I don’t know what to say about Sunday’s loss except: Thanks a f*cking lot, Jeffy and Brodie.
Taijuan Walker gave the Mets a quality start, only giving up four hits in his six innings of work, The problem, of course, was that three of those hits were solo home runs, with two of them being of the “Citizens Bank Park” variety. Good for him, and hopefully in the long run, good fur all of us. But he couldn’t match Zack Wheeler today, who gave up a leadoff double to Brandon Nimmo, and then a second hit to Nimmo in the 9th, and that’s it. The good news is that you can’t leave runners on base if you can’t hit.
(Also, Javy Baez is hurt. The Mets are calling it “left hip tightness”, which is code for “something in an x-ray that would make Bo Jackson cringe.)
The Mets, of course, can’t hit. And it puts a spotlight on the firing of Chili Davis, which was basically predetermined from the beginning of the season because they wanted an analytically inclined hitting coach like Hugh Quattlebaum anyway. The Mets had a quick jolt at the time, but the numbers don’t lie:
So the on 5/4/21 the Day Chili Davis was fired the #nym were 11th in the league in hitting with .240 batting average, today with Hugh Quattlebaum as hitting coach they are 23rd hitting .234. #lfgm Wheres @DonnieSMets ?? pic.twitter.com/jvDpu4nsLT
— Mark Rosenman (SportsTalkNY) (@sportstalkny) August 8, 2021
Knowing this, it’s interesting that after yesterday’s game was the first time a beat guy asked about job security. While I don’t think the brass will pull the trigger on Rojas before the end of the season, it’s interesting that eyes turn to him now when Chili was basically only allowed one bad month (not counting 2020, when he had to coach from his house.) Somebody is going to have to pay the price down the road for the Mets inability to hit, at all. And I don’t know how to fix it because I, like Quattlebaum, never reached the major leagues. But I do want to make what I hope is a salient point:
People are saying that the Mets are showing no “fire” and “anger”. First off, teams that can’t hit don’t look very angry. Second, have they not watched Marcus Stroman vs the Diamondbacks and Pirates, Javy Baez vs. Richard Bleier, or Rojas vs. home plate umpires this season? Anger isn’t the problem here. The problem is that the Mets can’t hit, not any sort of emotion that is tied to that. Third, and I’ll say this until I’m blue in the face: flipping over a table doesn’t have the same effect now that it did when Earl Weaver was managing. It just doesn’t. A manager who does that in the 70’s is feared. A manager that does that now is just a f*cking clown.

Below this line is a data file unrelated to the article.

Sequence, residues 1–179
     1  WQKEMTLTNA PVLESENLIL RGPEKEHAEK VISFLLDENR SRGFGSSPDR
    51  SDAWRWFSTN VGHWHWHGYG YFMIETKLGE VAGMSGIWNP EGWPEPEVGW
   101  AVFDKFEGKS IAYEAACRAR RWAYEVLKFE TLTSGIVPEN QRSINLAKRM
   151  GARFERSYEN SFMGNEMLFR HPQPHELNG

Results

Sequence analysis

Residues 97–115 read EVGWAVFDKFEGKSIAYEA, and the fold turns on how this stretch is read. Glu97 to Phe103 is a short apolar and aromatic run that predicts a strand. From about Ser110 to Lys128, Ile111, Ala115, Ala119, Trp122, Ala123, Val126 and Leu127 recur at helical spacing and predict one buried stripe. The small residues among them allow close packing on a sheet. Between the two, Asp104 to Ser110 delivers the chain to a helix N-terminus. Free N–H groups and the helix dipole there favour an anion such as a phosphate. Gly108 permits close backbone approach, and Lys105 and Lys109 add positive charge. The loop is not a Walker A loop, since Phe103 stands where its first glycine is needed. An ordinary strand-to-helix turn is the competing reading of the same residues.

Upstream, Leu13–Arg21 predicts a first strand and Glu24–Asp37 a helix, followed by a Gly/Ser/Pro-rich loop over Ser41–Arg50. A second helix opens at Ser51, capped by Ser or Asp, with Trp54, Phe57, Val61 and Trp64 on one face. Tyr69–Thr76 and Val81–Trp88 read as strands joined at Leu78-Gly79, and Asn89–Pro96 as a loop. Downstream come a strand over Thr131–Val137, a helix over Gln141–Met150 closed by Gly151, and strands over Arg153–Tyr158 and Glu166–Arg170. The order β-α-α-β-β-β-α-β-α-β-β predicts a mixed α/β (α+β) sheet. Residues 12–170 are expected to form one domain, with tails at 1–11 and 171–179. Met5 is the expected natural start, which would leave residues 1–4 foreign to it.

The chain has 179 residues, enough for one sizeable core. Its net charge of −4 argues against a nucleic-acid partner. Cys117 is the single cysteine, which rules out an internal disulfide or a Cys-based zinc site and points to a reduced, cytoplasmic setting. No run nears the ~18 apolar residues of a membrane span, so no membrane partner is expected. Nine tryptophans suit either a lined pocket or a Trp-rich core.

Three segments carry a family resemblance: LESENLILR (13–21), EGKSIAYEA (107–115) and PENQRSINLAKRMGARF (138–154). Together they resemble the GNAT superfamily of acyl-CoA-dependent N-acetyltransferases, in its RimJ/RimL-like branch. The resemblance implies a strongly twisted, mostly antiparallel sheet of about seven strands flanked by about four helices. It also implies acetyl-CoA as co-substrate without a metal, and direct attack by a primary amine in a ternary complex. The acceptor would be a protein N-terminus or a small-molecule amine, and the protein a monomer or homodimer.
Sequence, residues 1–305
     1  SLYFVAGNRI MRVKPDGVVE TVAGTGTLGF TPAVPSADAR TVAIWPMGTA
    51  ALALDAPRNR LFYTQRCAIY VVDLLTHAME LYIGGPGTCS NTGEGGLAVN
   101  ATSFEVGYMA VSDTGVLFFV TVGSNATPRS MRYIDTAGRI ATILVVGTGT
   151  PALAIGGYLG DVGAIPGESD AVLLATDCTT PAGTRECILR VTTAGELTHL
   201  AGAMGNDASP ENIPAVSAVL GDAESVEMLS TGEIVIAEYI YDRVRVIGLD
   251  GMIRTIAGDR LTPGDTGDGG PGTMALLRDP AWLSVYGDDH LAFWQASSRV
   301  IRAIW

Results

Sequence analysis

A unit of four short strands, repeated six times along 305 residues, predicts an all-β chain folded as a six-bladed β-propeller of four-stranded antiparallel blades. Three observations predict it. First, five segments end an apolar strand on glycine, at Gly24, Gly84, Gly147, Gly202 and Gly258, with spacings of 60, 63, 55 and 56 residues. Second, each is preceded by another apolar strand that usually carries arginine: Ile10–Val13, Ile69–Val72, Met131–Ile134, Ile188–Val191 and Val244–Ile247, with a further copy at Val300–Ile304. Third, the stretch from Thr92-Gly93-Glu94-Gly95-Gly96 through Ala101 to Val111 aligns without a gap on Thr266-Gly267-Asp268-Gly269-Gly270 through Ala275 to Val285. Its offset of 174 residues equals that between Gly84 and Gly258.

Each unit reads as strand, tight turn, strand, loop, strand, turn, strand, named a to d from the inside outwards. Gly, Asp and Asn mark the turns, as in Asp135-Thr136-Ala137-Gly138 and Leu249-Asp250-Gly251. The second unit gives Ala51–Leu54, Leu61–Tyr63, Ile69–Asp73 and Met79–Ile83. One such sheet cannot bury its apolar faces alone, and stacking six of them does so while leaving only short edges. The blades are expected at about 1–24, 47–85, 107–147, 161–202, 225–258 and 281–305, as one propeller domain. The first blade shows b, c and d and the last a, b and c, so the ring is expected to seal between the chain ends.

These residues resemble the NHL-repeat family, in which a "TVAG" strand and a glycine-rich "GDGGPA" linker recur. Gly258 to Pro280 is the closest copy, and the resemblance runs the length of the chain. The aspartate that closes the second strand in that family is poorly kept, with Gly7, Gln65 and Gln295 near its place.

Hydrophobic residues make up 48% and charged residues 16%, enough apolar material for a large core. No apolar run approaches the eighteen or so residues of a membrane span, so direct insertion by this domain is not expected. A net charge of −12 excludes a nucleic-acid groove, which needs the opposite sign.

Now having said that, something that Rojas recently said has really bothered me:
“The task at hand is to win every day, and that’s what we have to do tonight. But if we go into the game just thinking of the standings and what are we losing, it’s just not healthy for what we want our competition in tonight’s game. Hitters got to worry about the opposing pitcher and what pitches they’re looking for. A pitcher’s got to worry about a pitching plan against all those really good big league hitters that we’re gonna see tonight. There’s no room for [that] thought process, I think, in our team on a day-to-day basis. I think there’s only room to focus on the game. And I’ve been consistently saying that since day one, and I’m gonna stay firm thinking of that. We can’t think of the standings and where we are, what we’re losing, or what we’re gaining. We’re ready to play a major league game – that’s where I stand.”
While I appreciate being present in the moment and focusing only on what you can control, I don’t think there’s anything wrong with paying attention in a broader sense to what the standings are. This is all tied in to the increased trend of worrying more about process than results. It’s fine if you’re getting results. but if you’re not getting results, then your process is flawed, and people forget that. But more than that, athletes by nature are competitive. When you ask them to just worry about process as if they’re in a bubble, I wonder if the competitive nature of the athlete is squashed. And that’s where I think there could be a bit of an adjustment. Not in flipping a table, and not in being somebody other than yourself. I think the Mets should know that they’re in third place after being in first for three months. That’s how you get competitive juices flowing, not with chicken kiev all over the floor.
It’s worth investigating for Luis Rojas for the rest of the season. He could impart this to his team calmly, and without wasting any food. Who knows, it might just save his job and in the process, the Mets season.
Today’s Hate List
- Jeff Wilpon
- Brodie Van Wagenen
- Jean Segura
- Bryce Harper
- JT Realmuto